Which brings me to “Zack and Miri Make a Porno.” Greenlit by the Weinsteins before Smith had even written the script, “Zack and Miri” follows as two lifelong friends, strapped for cash, make a porno. Reportedly, this was based on Smith’s experiences in making “Clerks.”

 

And it’s this stagnation that makes me question Kevin Smith as a filmmaker. Ever since Smith has “struck out on his own” from the View Askew-verse, his road has been worse than a flat tire forced across speedbumps. I will give him credit for “growing up” and making “Jersey Girl,” and accept why it wasn’t as popular as his previous entries. However, he has mined the “Clerks” shaft all the way to China. He made a “Clerks” animated series, released a special “Clerks X” DVD with commentaries, original version, etc., and made a sequel not even as good as the original (which, in the world of his characters, requires chastising). Harlan Ellison once said that, “Gene Roddenberry had only one good idea in his lifetime, and that was ‘Star Trek.’” It seems that “Clerks” may be Smith’s “one good idea.”

 

If I had one thing to say to Mr. Smith, it would be, “Yes, I know that you LOVE ‘Star Wars’ and ‘Indiana Jones.’ We GOT that. Can you please move on?” I don’t mind the occasional reference to the series, I love them myself, but how many references to Spielberg and Lucas do you need? For God’s sake man, we get it!” And you can only keep profane language, comic book references, weed, dick, and fart jokes going for so long.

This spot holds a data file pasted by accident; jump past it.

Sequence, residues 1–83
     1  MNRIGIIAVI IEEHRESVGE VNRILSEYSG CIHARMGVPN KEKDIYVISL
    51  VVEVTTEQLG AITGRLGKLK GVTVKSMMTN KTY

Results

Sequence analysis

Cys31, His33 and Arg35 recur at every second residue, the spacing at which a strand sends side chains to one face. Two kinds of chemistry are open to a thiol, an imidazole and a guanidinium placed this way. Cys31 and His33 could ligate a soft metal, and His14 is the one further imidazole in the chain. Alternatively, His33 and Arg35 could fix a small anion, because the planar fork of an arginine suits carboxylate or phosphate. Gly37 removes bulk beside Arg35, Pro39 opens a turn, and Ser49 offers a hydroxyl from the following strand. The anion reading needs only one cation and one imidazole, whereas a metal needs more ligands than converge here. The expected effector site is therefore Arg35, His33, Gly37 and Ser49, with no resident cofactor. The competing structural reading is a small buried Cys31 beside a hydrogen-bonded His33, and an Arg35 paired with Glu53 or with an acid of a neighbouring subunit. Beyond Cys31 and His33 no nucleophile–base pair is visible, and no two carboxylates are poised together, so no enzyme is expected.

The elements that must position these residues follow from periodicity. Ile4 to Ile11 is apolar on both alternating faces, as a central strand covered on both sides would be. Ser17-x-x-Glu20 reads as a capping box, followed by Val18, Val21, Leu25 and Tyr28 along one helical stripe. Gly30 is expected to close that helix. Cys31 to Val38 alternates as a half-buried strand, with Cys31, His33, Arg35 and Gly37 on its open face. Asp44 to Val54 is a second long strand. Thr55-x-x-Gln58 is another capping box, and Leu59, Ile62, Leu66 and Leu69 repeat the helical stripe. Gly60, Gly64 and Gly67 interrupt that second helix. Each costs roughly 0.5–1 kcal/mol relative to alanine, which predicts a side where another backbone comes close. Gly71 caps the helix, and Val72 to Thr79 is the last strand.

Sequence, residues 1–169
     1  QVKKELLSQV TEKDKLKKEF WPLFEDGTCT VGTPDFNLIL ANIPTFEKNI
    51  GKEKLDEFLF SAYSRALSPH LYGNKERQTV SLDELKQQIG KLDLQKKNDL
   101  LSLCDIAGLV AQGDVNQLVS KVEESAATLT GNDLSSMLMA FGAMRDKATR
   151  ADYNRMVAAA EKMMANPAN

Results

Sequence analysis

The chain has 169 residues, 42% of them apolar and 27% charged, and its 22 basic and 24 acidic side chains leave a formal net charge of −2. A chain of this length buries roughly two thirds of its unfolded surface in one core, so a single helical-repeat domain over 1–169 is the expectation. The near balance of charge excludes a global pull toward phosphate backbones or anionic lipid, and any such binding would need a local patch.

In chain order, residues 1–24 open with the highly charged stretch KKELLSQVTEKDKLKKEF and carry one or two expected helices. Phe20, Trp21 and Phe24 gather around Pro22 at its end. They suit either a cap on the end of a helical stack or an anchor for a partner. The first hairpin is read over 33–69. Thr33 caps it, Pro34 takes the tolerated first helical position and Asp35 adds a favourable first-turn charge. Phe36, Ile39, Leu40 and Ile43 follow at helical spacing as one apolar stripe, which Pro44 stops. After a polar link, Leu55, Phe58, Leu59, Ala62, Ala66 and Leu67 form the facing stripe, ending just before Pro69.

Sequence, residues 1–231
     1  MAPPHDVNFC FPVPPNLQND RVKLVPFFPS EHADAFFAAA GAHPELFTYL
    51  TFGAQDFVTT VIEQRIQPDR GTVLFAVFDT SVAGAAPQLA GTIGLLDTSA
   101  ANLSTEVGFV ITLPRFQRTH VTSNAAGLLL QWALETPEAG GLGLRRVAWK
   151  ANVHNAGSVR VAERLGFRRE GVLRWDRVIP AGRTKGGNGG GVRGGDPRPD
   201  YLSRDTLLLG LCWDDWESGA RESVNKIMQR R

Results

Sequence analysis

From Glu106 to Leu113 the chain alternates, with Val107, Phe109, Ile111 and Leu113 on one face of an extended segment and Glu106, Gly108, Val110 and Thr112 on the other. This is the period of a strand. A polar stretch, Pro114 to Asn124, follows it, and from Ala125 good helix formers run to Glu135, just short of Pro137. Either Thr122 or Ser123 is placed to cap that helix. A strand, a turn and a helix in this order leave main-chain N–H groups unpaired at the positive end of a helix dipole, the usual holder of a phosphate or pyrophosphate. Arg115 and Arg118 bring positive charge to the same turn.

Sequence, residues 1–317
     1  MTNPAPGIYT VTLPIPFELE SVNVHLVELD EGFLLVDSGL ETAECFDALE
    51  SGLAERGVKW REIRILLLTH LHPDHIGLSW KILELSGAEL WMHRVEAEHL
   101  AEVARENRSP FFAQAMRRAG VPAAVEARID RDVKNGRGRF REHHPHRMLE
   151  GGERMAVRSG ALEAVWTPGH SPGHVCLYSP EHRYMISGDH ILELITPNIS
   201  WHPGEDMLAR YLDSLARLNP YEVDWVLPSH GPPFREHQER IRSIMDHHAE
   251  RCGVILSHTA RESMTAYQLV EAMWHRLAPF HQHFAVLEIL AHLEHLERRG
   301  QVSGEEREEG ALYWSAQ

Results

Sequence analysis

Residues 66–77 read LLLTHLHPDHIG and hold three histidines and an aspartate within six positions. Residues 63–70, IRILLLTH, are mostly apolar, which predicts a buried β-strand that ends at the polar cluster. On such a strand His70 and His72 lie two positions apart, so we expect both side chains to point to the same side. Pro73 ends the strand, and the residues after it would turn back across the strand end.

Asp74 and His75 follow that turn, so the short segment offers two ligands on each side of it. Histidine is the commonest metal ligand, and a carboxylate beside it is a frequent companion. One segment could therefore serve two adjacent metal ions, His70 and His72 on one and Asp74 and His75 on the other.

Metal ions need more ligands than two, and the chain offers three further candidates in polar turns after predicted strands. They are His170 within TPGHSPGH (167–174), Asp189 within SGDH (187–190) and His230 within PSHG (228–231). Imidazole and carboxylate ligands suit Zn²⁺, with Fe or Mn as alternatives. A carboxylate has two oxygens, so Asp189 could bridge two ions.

So, I’m opening this up for discussion. Is Kevin Smith still relevant? Is he still a filmmaker to be admired, or are his fifteen minutes up? Give me your thoughts.

 

clerksmallratschasing_amydogma1jay_and_silent_bob_strike_backjersey_girlclerks_iizack_and_miri_make_a_porno1

 

26
Dec
08

In Passing… Eartha Kitt (1927-2008)

eartha-kitt

 

 

Singer, dancer, and actress Eartha Kitt passed away yesterday from colon cancer. Born to a half Cherokee/ half African-American mother and a German/ Dutch father in South Carolina she was raised by Anna Mae Riley, whom she believed to be her mother. After Riley’s death she was sent to New York to live with her biological mother, Mamie Kitt. By the age of 20 she was performing with the Katherine Dunham Company and made her film debut with them in “Casbah” (1948). In 1950 Orson Welles gave her the role of Helen of Troy in “Faustus.” They would have a love affair with Welles’ calling her, “the most exciting woman in the world.” Her sexiness would amp-up with her recording of “Santa Baby” in 1953. She would continue on with TV and film roles, notably subbing in for Julie Newmar on the last season of “Batman.” In the late Sixties she made anti-war statements which led to professional exile. A return to Broadway in 1978 in the show “Timbuktu!” earned her a Tony nomination for Best Actress in a Musical. Since then she has alternated between TV, film, and the stage. She was 81 years of age.

Thoughts and prayers to her family and friends.

For more information, check out her IMDB page at:
http://www.imdb.com/name/nm0457755/